Friday, February 24, 2017
Bissextile Day & Leap Years
Today is the traditional feast of St. Matthias the Apostle -- but during a leap year this feast was shifted from its customary 24 February date to 25 February.
For more on St. Matthias, who the Acts of the Apostles describes replacing Judas Iscariot in a clear example of Apostolic Succession, you might visit these sites:
Old Catholic Encyclopedia: St. Matthias
Catholic Saints Info: St. Matthias
Have you ever wondered why we have leap years, and why, on the traditional Catholic calendar, the feasts of late February shift a day in leap years? Read on.
Pope Gregory XIII (1572-1585) who introduced the Gregorian Calendar, by Lavinia Fontana (+1614AD)
Of course, today we use the Gregorian calendar, promulgated by Pope Gregory XIII in 1582. It replaced the earlier Julian calendar that dated to the Roman era, but proved less than accurate, and the error between date and solar events such as the equinoxes, necessitated a new calendar. The root of the Julian Calendar error is this: it presumed that the year was 365.25 days long, meaning that a leap year every four years would account for the decimal places and keep the calendar year in sync with the actual solar year. As it happens, the year is more precisely 365.2422 days long, meaning that the seasons would slowly drift away from their calendar dates with the Julian Calendar -- for instance, by 1582, the Vernal Equinox was occurring on 11 March, rather than 21 March as is traditionally assumed. So, the new Gregorian Calendar restored the Equinox to its traditional date by dropping 10 days that October of 1582. It would try to remain accurate by modifying the reckoning of leap years: it would have a leap year every year divisible by 4, except those divisible by 100 (most years such as 1700AD are not leap years), but if divisible by 400, remaining a leap year (so 1600AD was a leap year). This is still a hair off, and some have suggested that we waive the leap year in 4000AD to fix the problem.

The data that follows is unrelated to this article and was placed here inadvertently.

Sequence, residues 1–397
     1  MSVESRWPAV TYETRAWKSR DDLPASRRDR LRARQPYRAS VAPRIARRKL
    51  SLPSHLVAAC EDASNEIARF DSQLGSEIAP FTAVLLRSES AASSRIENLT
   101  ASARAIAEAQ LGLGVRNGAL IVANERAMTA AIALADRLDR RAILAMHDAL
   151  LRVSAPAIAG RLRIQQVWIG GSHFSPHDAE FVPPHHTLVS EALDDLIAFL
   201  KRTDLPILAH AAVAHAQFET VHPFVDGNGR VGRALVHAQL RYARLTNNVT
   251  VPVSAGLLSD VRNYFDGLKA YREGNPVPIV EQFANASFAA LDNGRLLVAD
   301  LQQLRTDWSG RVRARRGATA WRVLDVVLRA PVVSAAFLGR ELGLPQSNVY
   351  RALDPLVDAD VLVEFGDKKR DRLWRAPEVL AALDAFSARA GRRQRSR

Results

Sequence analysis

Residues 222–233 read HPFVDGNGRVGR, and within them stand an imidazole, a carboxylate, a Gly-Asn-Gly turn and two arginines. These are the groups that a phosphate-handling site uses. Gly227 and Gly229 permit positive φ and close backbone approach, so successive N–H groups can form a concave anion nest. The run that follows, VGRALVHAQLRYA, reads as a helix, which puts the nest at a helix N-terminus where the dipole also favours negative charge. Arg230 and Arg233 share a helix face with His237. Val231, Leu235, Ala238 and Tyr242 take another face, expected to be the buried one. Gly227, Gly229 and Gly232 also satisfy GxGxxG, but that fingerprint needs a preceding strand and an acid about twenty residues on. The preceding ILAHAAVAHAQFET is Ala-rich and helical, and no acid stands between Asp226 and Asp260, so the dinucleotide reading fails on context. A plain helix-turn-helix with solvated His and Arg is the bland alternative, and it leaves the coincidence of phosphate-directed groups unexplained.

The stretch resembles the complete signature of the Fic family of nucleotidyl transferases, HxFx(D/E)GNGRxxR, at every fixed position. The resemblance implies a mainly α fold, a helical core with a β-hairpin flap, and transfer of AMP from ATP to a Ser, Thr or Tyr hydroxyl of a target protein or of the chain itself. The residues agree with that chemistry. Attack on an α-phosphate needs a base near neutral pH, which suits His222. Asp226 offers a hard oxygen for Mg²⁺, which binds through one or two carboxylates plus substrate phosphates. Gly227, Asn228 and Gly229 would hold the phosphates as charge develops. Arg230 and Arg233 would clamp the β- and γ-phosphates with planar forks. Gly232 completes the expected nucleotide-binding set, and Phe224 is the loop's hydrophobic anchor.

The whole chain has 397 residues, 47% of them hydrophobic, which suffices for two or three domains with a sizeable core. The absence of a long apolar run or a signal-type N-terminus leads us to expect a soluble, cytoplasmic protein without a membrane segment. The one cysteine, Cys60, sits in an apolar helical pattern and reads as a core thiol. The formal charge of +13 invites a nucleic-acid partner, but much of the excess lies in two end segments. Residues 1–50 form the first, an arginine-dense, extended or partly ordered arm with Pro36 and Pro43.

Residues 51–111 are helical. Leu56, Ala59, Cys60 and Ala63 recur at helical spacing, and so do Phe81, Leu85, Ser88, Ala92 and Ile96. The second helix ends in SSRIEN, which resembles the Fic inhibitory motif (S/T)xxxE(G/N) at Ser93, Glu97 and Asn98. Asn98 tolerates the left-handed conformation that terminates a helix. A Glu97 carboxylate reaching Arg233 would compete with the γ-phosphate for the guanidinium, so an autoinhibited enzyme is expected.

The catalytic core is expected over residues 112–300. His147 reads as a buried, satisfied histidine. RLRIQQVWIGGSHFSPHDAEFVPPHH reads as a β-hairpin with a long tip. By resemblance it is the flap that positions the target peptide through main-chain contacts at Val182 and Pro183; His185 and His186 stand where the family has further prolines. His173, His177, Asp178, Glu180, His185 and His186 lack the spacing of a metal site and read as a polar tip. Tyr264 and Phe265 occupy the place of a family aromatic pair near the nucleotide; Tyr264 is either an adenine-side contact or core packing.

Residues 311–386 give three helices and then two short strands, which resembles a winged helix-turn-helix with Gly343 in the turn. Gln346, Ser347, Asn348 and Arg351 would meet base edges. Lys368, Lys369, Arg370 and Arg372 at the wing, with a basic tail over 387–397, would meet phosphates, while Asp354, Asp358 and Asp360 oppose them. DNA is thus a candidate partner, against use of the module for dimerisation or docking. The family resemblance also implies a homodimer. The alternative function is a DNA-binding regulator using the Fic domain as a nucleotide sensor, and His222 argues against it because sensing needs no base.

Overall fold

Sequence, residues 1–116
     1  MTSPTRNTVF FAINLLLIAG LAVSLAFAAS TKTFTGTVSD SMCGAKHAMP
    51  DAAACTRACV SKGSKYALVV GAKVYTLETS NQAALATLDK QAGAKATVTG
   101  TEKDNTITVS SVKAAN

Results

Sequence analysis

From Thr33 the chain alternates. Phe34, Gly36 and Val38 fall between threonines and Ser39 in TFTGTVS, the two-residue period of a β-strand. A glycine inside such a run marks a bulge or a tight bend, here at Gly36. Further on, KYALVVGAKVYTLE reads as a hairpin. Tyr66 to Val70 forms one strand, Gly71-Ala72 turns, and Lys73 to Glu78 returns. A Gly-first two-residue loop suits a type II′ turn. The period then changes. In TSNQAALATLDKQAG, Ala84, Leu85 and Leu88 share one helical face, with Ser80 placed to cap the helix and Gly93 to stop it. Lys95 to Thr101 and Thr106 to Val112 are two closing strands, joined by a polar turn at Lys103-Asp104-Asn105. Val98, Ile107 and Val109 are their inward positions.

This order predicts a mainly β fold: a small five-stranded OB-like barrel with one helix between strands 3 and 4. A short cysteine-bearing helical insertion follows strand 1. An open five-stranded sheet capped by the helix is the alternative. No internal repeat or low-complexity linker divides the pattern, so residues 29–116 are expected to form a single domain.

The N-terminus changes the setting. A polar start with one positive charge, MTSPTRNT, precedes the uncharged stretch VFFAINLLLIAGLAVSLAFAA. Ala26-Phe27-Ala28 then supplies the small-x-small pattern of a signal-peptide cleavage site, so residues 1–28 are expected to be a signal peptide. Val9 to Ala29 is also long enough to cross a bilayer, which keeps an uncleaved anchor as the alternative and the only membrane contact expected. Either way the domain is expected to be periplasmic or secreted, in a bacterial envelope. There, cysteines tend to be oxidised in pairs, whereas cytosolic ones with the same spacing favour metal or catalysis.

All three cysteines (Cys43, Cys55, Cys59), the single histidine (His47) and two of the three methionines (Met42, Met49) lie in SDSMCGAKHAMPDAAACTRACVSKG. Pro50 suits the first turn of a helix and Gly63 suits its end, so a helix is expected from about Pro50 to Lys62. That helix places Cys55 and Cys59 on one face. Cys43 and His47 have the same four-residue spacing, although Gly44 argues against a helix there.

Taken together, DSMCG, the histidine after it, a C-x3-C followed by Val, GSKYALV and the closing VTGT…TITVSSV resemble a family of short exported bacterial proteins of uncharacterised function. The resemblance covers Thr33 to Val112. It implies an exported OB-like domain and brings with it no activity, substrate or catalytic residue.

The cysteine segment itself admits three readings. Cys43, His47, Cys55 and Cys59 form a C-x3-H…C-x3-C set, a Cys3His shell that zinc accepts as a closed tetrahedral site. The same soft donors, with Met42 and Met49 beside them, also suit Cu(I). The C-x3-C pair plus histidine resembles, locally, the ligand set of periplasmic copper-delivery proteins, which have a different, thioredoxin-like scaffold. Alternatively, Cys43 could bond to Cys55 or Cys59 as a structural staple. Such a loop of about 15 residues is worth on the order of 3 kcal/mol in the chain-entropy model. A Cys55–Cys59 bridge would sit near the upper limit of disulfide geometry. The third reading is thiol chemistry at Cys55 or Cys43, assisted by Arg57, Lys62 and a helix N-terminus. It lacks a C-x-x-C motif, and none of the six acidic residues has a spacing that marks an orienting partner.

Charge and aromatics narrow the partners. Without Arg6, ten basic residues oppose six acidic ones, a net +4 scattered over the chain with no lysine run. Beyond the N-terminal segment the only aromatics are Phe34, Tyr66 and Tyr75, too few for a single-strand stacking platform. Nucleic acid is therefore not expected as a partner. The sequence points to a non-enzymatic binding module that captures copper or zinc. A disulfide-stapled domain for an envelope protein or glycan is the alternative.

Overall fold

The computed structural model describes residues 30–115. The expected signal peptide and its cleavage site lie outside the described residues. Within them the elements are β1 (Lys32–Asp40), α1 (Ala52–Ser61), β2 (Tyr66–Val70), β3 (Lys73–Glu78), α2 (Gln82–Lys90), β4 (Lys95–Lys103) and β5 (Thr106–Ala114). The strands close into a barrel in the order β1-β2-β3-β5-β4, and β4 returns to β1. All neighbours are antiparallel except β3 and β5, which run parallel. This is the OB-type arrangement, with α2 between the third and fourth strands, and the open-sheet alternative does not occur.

At this point, the leap day, when added, is 29 February. Formerly, however, the extra day was not inserted in that last place of the month of February, but on the "sixth day before the Kalends of March." The Roman manner of inserting a leap day was this -- simply double that sixth day before the Kalends of March. You would have the sixth day twice in a row -- hence the term Bissextile, giving you ante diem bis sextum Kalendas Martias; the second sixth day before the Kalends of March. Of course, the Romans reckoned their dates by counting down to the Kalends (First of the Month), Nones (5th or 7th of the Month), and Ides (13th or 15th of the Month). The countdown was inclusive, so the third day before the Kalends of January, would be 30 December, by our sequential method. This site has a wonderful chart showing the equivalent dates between our sequential reckoning and the Roman method: Roman Calendar: Conversion to our Calendar
The bissextile day, or leap day, then, was, considered from this perspective, that sixth day before the first of March, inclusive, or as we call it in normal years, 24 February. When that day was "doubled" you had two legal "sixth days." Sequentially, however, that meant that the 25 day of the month was now the actual sixth day before the Kalends of March, and the 29th of February the day before the Kalends.
All of this has significance for the traditional Catholic feasts that fall on 24 February or later in this month. Since, in leap years, the 24th was "doubled," in order for a feast day like that of St. Matthias the Apostle to remain on "the sixth day before the Kalends of March" it would migrate to 25 February that year. The same would go for the other feasts at the end of the month -- traditionally their place was reckoned based on their number of days from the Kalends. So, St. Gabriel of Our Lady of Sorrows typically has his traditional feast on 27 February, which is the third day before the Kalends of March, but in order to be on the third day before the Kalends of March in a leap year, it must shift to 28 February.
With the reform of the calendar in 1970, all feasts were reckoned by the sequential numbering, and the issue disappeared, much like the Roman technique of counting down to a date rather than sequentially counting up.
The great Fr. Z. has posted on this very subject, noting pertinent details that I did not go into: Fr. Z: Felix Bissextilis!